Attention: Paul Krugman

by Pejman Yousefzadeh on October 28, 2010

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Remember all of your predictions concerning how fiscal austerity in Germany would lead to economic malaise?

Ahem:

German unemployment fell slightly in October, dropping to its lowest level in 18 years as the impact of persistently strong growth in Europe’s top economy continued to filter through to the jobs market.

The number of jobless fell by 3,000 to a seasonally adjusted 3.153 million, figures from the Labor Office showed on Thursday, while the headline level dipped to 2.945 million, confirming figures announced a day earlier.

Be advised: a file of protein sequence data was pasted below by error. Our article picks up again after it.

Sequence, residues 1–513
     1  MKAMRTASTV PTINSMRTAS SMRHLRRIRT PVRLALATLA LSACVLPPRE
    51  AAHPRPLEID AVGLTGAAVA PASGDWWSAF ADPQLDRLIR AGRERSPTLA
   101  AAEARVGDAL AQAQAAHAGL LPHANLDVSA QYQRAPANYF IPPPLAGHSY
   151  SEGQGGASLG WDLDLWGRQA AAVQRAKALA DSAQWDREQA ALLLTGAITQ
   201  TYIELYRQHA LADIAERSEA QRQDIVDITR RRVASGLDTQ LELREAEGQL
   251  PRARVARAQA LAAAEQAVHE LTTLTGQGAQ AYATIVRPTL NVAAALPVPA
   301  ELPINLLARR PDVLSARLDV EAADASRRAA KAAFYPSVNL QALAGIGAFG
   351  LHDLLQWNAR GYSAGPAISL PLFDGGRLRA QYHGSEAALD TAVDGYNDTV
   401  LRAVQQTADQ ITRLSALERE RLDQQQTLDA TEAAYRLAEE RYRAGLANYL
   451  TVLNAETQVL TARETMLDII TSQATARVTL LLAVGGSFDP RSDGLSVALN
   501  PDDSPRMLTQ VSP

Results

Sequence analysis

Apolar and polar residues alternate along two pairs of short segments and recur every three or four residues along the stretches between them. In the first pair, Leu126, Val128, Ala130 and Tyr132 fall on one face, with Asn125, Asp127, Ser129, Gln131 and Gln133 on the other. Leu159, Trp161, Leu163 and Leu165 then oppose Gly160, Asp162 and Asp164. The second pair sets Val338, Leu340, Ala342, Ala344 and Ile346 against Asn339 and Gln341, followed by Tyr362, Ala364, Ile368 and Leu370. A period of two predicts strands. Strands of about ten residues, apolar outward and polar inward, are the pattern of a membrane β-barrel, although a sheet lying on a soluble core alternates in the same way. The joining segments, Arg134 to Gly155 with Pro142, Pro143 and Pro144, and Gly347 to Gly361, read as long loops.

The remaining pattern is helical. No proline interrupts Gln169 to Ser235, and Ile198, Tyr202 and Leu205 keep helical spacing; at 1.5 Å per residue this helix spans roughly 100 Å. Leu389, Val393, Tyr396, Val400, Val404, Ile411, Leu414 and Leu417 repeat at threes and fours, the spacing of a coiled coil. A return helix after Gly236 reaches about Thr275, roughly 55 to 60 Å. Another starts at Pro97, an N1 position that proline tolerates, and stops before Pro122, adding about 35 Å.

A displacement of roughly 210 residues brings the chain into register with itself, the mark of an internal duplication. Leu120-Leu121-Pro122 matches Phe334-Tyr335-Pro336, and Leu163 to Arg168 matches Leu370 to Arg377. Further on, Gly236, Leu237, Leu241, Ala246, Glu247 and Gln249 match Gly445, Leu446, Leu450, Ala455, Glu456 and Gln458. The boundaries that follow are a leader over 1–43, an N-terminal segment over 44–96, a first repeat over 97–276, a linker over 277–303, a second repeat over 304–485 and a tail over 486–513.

The headline reading fell below the 3 million mark — a key political threshold — for the first time since November 2008, to its lowest point since October 1992.

On an adjusted basis, the jobless rate held steady at 7.5 percent, while economists had forecast 7.4 percent.

“Although October’s decline in unemployment turned out weaker than expected, the underlying trend in the German labor market clearly remains one of rapid improvement on the back of strong economic growth,” said Aline Schuiling from ABN Amro.

I imagine that the British–whom Krugman has denounced for taking their own measures in reining spending in–are taking heart. They probably should be.

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